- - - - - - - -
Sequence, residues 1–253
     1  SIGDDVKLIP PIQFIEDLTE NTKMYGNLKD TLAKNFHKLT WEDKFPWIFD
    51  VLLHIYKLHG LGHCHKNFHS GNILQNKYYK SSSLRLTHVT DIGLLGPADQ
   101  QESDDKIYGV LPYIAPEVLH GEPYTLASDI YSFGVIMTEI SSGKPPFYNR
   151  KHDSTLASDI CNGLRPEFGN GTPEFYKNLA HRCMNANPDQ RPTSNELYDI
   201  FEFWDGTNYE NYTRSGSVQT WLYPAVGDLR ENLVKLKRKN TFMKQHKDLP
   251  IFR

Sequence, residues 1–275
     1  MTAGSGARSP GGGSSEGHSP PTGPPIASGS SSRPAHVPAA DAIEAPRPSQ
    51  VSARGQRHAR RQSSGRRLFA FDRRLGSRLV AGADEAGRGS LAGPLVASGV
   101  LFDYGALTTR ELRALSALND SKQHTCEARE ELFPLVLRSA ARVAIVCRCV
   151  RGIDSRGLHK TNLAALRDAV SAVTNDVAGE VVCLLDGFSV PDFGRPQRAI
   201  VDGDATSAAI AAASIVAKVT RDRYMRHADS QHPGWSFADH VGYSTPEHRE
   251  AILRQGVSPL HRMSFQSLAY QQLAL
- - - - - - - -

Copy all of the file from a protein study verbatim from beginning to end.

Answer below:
Sequence, residues 1–253
     1  SIGDDVKLIP PIQFIEDLTE NTKMYGNLKD TLAKNFHKLT WEDKFPWIFD
    51  VLLHIYKLHG LGHCHKNFHS GNILQNKYYK SSSLRLTHVT DIGLLGPADQ
   101  QESDDKIYGV LPYIAPEVLH GEPYTLASDI YSFGVIMTEI SSGKPPFYNR
   151  KHDSTLASDI CNGLRPEFGN GTPEFYKNLA HRCMNANPDQ RPTSNELYDI
   201  FEFWDGTNYE NYTRSGSVQT WLYPAVGDLR ENLVKLKRKN TFMKQHKDLP
   251  IFR

Sequence, residues 1–275
     1  MTAGSGARSP GGGSSEGHSP PTGPPIASGS SSRPAHVPAA DAIEAPRPSQ
    51  VSARGQRHAR RQSSGRRLFA FDRRLGSRLV AGADEAGRGS LAGPLVASGV
   101  LFDYGALTTR ELRALSALND SKQHTCEARE ELFPLVLRSA ARVAIVCRCV
   151  RGIDSRGLHK TNLAALRDAV SAVTNDVAGE VVCLLDGFSV PDFGRPQRAI
   201  VDGDATSAAI AAASIVAKVT RDRYMRHADS QHPGWSFADH VGYSTPEHRE
   251  AILRQGVSPL HRMSFQSLAY QQLAL